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|French to English translations [PRO]|
|French term or phrase: ne saurait être engagée|
|La responsabilité de la Societe xxxx|
ou de toute personne ne saurait être engagée suite à un quelconque dommage direct ou indirect
|special construction meaning "cannot"|
NE SAURAIT :
"saurait" is the third person conditional of the modal "savoir" and when used with "ne" alone, it has a special meaning. Rather than having anything to do with its usual meaning of "know", its meaning in this form is "to be able". Therefore, "la responsabilité de ... ne saurait être engagée" means "cannot be held liable for...".
Source : A Comprehensive French Grammar, L.S.R. Byrne & E.L. Churchill, revised/rewritten by Glanville Price, 4th edition, Blackwell's. (ISBN : 0-631-18164-4)
" In medieval French, "ne" was frequently used on its own... to negate a verb. There are relics of this in modern French, falling into three categories, viz.:
- fixed expressions and proverbs
- constrcutions in which "ne" is a literary alternative to "ne...pas"
- cosntructions in which "ne" is superfluous (and where English has no negative at all)."
Your example is cited in the second category :
A few constructions that can vary slightly in respect of their subject and/or tense and/or complement, and mainly involving one or other of the verbs 'avoir' and 'être'.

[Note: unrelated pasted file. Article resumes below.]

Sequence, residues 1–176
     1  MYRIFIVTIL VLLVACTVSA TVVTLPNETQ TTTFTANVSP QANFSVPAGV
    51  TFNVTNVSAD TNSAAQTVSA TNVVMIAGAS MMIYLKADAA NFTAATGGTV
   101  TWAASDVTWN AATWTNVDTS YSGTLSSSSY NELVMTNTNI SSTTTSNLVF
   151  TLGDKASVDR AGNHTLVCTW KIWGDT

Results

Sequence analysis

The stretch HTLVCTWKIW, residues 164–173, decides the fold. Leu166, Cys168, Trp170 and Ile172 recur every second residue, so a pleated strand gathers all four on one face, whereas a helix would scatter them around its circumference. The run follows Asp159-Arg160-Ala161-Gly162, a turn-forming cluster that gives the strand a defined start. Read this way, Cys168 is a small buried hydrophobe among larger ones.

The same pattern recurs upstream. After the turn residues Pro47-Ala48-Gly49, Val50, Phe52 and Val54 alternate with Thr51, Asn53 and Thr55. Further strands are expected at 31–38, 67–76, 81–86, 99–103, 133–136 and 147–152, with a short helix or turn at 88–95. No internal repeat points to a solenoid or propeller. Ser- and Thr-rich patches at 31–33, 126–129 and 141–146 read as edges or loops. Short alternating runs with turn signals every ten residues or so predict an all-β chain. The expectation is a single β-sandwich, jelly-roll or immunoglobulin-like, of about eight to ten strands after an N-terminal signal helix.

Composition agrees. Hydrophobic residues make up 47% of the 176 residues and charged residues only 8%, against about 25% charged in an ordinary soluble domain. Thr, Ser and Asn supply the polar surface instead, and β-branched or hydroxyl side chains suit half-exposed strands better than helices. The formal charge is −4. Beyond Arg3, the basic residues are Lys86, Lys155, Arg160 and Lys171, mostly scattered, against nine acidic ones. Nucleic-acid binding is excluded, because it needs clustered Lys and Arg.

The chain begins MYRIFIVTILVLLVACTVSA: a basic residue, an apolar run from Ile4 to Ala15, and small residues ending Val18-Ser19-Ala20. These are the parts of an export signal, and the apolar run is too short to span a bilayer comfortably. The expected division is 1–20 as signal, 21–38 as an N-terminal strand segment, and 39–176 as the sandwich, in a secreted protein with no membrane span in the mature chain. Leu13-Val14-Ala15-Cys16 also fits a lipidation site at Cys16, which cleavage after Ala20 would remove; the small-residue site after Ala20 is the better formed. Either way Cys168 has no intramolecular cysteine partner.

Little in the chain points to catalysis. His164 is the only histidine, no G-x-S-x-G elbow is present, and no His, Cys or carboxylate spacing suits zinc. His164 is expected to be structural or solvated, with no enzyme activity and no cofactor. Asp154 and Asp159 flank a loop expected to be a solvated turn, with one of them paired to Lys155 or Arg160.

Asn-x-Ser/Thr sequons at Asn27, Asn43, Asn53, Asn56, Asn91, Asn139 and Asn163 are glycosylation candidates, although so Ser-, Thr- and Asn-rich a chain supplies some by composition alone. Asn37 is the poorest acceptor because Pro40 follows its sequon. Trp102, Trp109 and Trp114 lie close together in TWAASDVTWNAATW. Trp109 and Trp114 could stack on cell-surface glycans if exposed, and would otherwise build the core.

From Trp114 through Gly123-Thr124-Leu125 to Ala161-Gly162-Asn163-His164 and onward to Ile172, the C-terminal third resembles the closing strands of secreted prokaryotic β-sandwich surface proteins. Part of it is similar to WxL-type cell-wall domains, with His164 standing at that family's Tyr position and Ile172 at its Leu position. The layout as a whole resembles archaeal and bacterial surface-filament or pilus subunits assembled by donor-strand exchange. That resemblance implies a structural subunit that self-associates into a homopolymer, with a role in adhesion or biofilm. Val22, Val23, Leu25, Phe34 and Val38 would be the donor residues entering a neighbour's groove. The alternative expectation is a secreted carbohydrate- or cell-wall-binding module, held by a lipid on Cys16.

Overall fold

Translate as "damage" or "loss", never as "damages" as to an English audience, this means compensation, what the French refer to as "dommages & intérêts".
Suggested translation :
Neither Company XXX nor any other person shall* be held liable** in the event of any direct or consequential*** loss****.
* "shall" just sounds more natural than "can" (It is pretty impossible to exclude liability in tort (negligence) anyway and if the liability here is contractual, then it may still be considered unreasonable or even unfair.
** "liable" to be preferred to "responsible". English law refers to liability rather than responsibility in such cases.
*** "consequential" is the more liekly term here, although "indirect" cannot be excluded
**** It is more common to refer to "loss" than "damage", even though the original has not used "perte" - although again it depends on context.
Selected response from:
Local time: 15:34
|What more could I say but Thank you.|
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